China’s recovery from COVID-19 crisis remains uneven, with state investment and production leading a relatively weak consumer recovery. Two important trends are emerging that provide insight into both the near term growth trajectory, and how the investment landscape might shape up.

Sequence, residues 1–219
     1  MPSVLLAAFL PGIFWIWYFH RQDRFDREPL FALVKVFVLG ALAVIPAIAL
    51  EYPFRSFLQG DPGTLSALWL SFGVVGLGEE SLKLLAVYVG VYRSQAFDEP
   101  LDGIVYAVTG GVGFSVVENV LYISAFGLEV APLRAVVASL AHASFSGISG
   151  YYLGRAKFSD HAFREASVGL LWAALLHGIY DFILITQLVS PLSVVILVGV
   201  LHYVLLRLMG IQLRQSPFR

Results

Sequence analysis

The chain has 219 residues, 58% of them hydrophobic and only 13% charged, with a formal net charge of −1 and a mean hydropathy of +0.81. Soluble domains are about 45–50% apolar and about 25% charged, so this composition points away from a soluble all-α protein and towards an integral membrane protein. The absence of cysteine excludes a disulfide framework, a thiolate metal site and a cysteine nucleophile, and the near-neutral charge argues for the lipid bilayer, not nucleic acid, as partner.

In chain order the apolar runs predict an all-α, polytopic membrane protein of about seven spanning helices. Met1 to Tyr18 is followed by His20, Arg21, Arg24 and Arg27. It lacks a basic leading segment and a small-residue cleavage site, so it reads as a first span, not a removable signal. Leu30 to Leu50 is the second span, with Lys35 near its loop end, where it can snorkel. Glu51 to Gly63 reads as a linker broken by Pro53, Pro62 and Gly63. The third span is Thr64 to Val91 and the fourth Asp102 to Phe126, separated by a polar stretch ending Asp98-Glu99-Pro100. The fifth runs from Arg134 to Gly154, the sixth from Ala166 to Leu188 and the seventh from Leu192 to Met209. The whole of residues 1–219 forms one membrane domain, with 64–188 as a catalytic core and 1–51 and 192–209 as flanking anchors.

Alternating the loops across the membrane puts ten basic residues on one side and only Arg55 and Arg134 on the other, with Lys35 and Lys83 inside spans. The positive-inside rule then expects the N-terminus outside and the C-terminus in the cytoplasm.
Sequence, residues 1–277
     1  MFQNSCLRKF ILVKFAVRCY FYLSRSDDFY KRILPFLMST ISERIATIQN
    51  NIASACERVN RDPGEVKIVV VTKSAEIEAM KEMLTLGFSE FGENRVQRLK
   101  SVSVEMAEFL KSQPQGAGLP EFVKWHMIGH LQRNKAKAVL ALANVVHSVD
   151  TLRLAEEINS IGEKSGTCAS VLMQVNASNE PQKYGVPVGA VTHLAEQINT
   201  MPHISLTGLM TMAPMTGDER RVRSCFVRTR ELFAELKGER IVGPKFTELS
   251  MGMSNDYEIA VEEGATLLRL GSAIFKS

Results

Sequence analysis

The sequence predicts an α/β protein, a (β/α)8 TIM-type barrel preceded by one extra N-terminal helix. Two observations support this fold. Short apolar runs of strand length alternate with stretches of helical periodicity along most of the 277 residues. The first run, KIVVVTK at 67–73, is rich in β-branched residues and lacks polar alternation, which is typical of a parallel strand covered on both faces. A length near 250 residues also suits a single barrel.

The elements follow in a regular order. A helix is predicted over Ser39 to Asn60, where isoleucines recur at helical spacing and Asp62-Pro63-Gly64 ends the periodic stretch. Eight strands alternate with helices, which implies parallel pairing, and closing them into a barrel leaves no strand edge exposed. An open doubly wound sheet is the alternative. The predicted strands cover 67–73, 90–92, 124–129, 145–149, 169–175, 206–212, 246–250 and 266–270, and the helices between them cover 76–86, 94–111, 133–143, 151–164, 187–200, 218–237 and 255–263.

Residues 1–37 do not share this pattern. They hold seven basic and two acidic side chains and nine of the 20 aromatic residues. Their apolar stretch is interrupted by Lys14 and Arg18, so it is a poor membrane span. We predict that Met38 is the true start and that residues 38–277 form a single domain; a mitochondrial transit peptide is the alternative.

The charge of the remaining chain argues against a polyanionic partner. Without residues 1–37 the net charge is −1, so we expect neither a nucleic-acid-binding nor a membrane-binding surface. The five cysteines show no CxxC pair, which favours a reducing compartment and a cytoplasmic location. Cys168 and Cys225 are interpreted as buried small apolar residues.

By Aaron Putham Crude oil demand destruction caused by COVID-19 is expected to be the largest on record, which has created concern about where to store all the unused oil At this stage the only cure for low oil prices will be low oil prices Over the next 12-18 months, the opportunity to play a rebound is more compelling in individual equities and credit market than crude itself The View Oil fundamentals are undoubtedly bearish. Although one may be tempted to think this is already in the price, given crude is down over 60% YTD and at multi-decade lows, the nature of this particular shock keeps short-term risks skewed to the downside. This crisis has a direct impact on the transportation sector, which represents 65% global crude demand and will be substantially depressed in the near term. Prompt WTI prices are unlikely to sustain levels above $30/barrel(bbl) through autumn of this year and we could reasonably touch $10/bbl at some point in the upcoming months. Why are commodities different than equities? Looking back at the …
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